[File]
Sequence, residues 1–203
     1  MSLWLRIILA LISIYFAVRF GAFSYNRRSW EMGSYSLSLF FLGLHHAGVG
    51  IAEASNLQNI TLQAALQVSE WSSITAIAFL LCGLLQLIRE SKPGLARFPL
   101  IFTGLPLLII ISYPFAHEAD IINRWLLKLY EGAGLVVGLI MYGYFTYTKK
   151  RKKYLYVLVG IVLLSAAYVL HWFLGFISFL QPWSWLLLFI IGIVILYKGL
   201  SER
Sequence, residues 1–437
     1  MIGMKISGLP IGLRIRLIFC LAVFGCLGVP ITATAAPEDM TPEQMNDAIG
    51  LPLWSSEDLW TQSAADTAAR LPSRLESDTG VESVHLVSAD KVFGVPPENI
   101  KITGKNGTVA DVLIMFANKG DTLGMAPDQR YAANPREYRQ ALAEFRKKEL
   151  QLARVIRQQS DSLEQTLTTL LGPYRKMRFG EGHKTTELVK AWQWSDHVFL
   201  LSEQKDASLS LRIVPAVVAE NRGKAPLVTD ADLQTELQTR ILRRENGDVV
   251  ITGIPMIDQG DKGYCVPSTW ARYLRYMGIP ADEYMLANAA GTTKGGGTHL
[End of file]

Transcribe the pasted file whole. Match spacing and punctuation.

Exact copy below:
Sequence, residues 1–203
     1  MSLWLRIILA LISIYFAVRF GAFSYNRRSW EMGSYSLSLF FLGLHHAGVG
    51  IAEASNLQNI TLQAALQVSE WSSITAIAFL LCGLLQLIRE SKPGLARFPL
   101  IFTGLPLLII ISYPFAHEAD IINRWLLKLY EGAGLVVGLI MYGYFTYTKK
   151  RKKYLYVLVG IVLLSAAYVL HWFLGFISFL QPWSWLLLFI IGIVILYKGL
   201  SER
Sequence, residues 1–437
     1  MIGMKISGLP IGLRIRLIFC LAVFGCLGVP ITATAAPEDM TPEQMNDAIG
    51  LPLWSSEDLW TQSAADTAAR LPSRLESDTG VESVHLVSAD KVFGVPPENI
   101  KITGKNGTVA DVLIMFANKG DTLGMAPDQR YAANPREYRQ ALAEFRKKEL
   151  QLARVIRQQS DSLEQTLTTL LGPYRKMRFG EGHKTTELVK AWQWSDHVFL
   201  LSEQKDASLS LRIVPAVVAE NRGKAPLVTD ADLQTELQTR ILRRENGDVV
   251  ITGIPMIDQG DKGYCVPSTW ARYLRYMGIP ADEYMLANAA GTTKGGGTHL